As recession looms, UK business sends out SOS credit

  • Credit more expensive, on tighter terms, as banks weigh risks
  • Some business owners use their own money to fill gaps
  • The funding crisis could deal a new economic blow to Britain

LONDON, Nov 17 (Reuters) – With inflation rocketing and the recession looming, many British companies are struggling to find affordable bank financing, putting pressure on an embattled UK government which is presenting a budget to revitalize the economy.

British fruit grower Hall Hunter is one of thousands of businesses in the UK under pressure, forcing owner Harry Hall to consider the drastic move of lending to his own successful business to top up his expensive bank loans.

“I’ll probably be the bank,” said Hall, who can’t secure a loan product from his bank to offset his high borrowing costs. He told Reuters he would likely put some of his personal wealth into his business to protect it from inflation rates of 11.1% and a recession that could last up to two years.

According to data from Reuters and interviews with lenders and business leaders, banks are increasingly nervous about lending to small businesses as rising debt, labor and commodity costs put the business case of lending to such businesses under unprecedented strain.

Lenders expect the supply of credit to the smallest businesses with annual sales of less than £1million to fall 10.9% in the last three months of this year, a Bank of England (BoE) survey released last month showed .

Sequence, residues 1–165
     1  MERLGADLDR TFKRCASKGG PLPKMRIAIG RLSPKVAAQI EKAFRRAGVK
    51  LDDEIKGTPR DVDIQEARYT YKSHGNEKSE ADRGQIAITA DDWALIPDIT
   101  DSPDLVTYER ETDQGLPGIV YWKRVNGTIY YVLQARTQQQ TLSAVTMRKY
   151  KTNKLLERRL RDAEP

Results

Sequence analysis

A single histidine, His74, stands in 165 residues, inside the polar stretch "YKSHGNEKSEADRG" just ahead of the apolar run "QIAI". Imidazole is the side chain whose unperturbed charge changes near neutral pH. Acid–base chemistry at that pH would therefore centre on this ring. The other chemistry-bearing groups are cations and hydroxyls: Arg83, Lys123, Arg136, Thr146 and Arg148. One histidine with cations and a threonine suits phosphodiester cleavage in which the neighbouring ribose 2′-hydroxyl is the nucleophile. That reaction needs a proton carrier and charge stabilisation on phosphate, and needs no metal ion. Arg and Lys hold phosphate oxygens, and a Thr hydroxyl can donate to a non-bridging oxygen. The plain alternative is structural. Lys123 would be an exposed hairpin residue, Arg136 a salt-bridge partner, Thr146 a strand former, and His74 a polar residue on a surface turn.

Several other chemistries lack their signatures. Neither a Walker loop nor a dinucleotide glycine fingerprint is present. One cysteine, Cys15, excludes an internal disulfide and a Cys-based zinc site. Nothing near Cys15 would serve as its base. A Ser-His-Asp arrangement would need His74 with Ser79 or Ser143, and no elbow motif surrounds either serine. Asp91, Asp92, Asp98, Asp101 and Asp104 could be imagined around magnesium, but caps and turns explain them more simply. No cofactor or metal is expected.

This could spell trouble for incoming Prime Minister Rishi Sunak and Treasury Secretary Jeremy Hunt when they announce a new, tough fiscal policy on Thursday to stabilize the economy after their short-lived predecessors unleashed chaos in financial markets with plans for unfunded tax cuts.

Any crisis for UK small businesses, which often lack the scale to pass on cost increases to customers as easily as larger competitors, could deal a new economic blow.

Such companies account for 48% of private sector employment and about £1.6 trillion, or 36% of turnover, according to the Federation of Small Businesses (FSB), citing government data that defines small businesses with up to 49 employees.

FSB Chairman Martin McTague told Reuters he met Sunak and Hunt last Friday to call for new tax support for small businesses, including relief on asset sales and research and development tax credits.

“How do we get out of this hole if it’s not small businesses? The sectors that have been hit hardest by the pandemic are finding it very difficult to try to get banks to support them,” he said.


Banks are still lending, but the risks and higher relative costs involved in financing the smallest businesses, many of which may not survive, mean they often have no choice but to turn them down, four senior sources said the banking industry.

Stephen Pegge, head of commercial finance at banking lobby group UK Finance, pointed to evidence of small and medium-sized enterprises (SMEs) securing credit more broadly – banks lent £6.5bn to companies with less than £25m turnover in September , BoE data indicates.